We are living in very painful times. Right now, it is hard to look to the future; the present, the sense of loss and the devastation that we all experience are beyond description.
And as if that was not enough global antisemitism has engulfed our world. Jewish people have lost their sense of safety in Israel and also everywhere else in the diaspora.
We have written papers about antisemitism in the past, most recently in 2019 (The Demands of Our Time, www.iccj.org), we have conducted webinars and held consultations on the subject. All these have helped us reflect about and fight against this revulsive hatred, but nothing has prepared us for this tidal wave, in fact a Tsunami.
Antisemitism is very different when you have to live with it on the receiving end, when you wonder what to fear next, what to hide first : the mezuzah on your door, your star of David or your kippah? Must we repeat this : antisemitism though a problem for the Jews should not be a problem of the Jews! Jewish people should voice how this affects them, but the fight against it should be picked up by non-Jews. Expecting Jewish people to fight this on their own is imposing a double burden upon them.
Now is perhaps not the time for another statement but rather for a display of solidarity.
We can all do something, and even if it is only a small gesture, we must undertake it every day.
Jewish people are shattered and frightened, they expect their Christian friends to reach out to them. They are bewildered by people who appear to live in a parallel world as if nothing has happened, seemingly indifferent to their plight, whereas they live with the return of ghosts from their past.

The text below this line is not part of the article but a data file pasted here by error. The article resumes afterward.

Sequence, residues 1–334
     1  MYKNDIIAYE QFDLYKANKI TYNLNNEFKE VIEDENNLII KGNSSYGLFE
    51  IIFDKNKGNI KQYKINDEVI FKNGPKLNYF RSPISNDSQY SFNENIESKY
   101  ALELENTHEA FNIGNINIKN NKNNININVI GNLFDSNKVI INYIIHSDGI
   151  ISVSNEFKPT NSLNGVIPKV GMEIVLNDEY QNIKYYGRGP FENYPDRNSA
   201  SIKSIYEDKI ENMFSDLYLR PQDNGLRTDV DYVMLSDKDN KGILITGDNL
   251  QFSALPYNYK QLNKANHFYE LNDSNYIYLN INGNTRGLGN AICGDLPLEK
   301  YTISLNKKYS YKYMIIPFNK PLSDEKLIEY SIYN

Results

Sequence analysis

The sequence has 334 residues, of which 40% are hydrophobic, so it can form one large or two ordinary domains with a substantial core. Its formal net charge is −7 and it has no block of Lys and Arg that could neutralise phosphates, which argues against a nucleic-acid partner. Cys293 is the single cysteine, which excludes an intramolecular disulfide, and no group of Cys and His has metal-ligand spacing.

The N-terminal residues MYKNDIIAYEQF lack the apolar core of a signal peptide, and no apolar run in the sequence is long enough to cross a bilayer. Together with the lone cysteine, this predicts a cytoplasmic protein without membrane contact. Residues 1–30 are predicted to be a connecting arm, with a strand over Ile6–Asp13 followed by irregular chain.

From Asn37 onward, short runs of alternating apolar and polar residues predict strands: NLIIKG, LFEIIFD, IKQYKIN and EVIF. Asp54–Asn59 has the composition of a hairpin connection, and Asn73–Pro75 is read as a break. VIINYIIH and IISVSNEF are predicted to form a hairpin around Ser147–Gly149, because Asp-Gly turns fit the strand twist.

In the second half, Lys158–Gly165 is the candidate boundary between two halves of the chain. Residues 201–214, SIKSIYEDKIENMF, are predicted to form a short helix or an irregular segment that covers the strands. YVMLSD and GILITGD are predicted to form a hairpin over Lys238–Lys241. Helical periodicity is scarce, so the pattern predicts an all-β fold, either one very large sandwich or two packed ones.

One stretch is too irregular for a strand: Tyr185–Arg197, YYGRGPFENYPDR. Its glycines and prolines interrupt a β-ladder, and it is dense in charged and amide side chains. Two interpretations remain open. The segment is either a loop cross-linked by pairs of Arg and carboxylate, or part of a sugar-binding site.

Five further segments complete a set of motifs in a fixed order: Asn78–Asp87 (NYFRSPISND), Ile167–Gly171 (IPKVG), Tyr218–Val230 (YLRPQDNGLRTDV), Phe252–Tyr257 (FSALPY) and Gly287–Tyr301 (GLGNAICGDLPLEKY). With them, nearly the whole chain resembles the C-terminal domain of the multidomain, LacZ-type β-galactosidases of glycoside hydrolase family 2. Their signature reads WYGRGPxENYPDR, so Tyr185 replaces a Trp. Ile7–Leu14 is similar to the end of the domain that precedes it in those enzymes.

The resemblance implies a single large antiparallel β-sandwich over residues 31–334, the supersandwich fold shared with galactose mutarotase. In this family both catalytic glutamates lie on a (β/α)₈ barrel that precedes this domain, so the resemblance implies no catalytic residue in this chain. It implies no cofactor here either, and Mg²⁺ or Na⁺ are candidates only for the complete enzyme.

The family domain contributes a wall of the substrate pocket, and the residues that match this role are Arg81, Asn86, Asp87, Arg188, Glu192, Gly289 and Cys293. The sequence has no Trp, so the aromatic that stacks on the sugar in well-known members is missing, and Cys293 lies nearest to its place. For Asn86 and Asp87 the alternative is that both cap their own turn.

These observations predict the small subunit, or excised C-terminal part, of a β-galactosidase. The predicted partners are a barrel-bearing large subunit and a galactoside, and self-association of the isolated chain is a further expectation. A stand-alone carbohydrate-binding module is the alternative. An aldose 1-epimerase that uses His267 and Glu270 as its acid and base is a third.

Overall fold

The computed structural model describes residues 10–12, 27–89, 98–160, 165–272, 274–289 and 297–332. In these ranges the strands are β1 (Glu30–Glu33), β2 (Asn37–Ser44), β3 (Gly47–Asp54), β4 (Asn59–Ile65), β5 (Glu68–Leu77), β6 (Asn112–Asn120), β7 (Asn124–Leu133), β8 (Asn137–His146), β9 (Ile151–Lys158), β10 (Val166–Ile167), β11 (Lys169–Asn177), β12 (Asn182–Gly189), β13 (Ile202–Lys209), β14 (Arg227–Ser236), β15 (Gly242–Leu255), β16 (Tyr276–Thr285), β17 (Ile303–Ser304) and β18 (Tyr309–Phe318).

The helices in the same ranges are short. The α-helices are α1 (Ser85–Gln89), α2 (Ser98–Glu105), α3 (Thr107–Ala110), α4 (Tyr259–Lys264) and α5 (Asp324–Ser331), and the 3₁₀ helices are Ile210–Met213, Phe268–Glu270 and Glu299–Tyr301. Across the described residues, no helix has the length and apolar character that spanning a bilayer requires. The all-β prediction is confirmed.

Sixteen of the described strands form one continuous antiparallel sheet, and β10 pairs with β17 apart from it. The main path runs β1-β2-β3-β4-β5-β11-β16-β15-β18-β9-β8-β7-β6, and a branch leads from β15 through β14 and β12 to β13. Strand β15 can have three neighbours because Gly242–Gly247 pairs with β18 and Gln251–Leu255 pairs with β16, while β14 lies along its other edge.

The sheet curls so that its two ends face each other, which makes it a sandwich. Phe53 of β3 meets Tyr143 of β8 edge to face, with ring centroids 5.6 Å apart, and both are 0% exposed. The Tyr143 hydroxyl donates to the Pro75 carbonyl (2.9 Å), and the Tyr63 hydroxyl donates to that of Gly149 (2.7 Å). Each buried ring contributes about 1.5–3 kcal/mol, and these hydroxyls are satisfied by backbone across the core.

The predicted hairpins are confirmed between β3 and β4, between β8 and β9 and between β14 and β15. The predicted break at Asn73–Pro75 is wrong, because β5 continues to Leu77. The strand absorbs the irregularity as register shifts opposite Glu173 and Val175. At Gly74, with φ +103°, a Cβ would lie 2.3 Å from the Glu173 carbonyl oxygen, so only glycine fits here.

Jews are apprehensive of those who openly attack them. Many say they are deafened by what they experience as the silence of their non-Jewish friends; others reply to enquiries about their well-being by saying that they cannot possibly be well. The psychological effect of heinous discourse on social media is not to be disregarded. It threatens both institutions and individuals alike. These cowardly anonymous menaces terrorize them wherever they are.
Jewish people, especially at grass root level in our member organizations, may choose to revert to “dwelling alone”, letting their sense of loneliness permeate their entire being and overwhelm every other feeling they have, thus withdrawing from the rich realm of encounter and dialogue that we have all contributed to create.
We cannot let this happen. Christians have to continue to show that they care deeply about their Jewish friends. Jewish people have to let Christians know how they really feel and what would help them. Conversations will undoubtedly follow that will not be easy, but it is vital for the future of our work that we do not let a barrier grow between us, a barrier of unspoken words. Healing our broken world will be necessary and will require time and effort, but healing should start now while many of us are overcome by mourning, grief and fear.
I have travelled to Austria and to Italy these last weeks and have witnessed the vitality of our member organizations in both countries. I know that all of you are equally engaged and active in all our member organizations worldwide.
Our work remains invaluable, and we have a sacred obligation to continue. I am deeply grateful to you all for your unwavering commitment.
Dialogue must and will go on! We will not let violence destroy the spiritual friendship between us, a spiritual friendship that is so dear to us all.
We can all do something about this!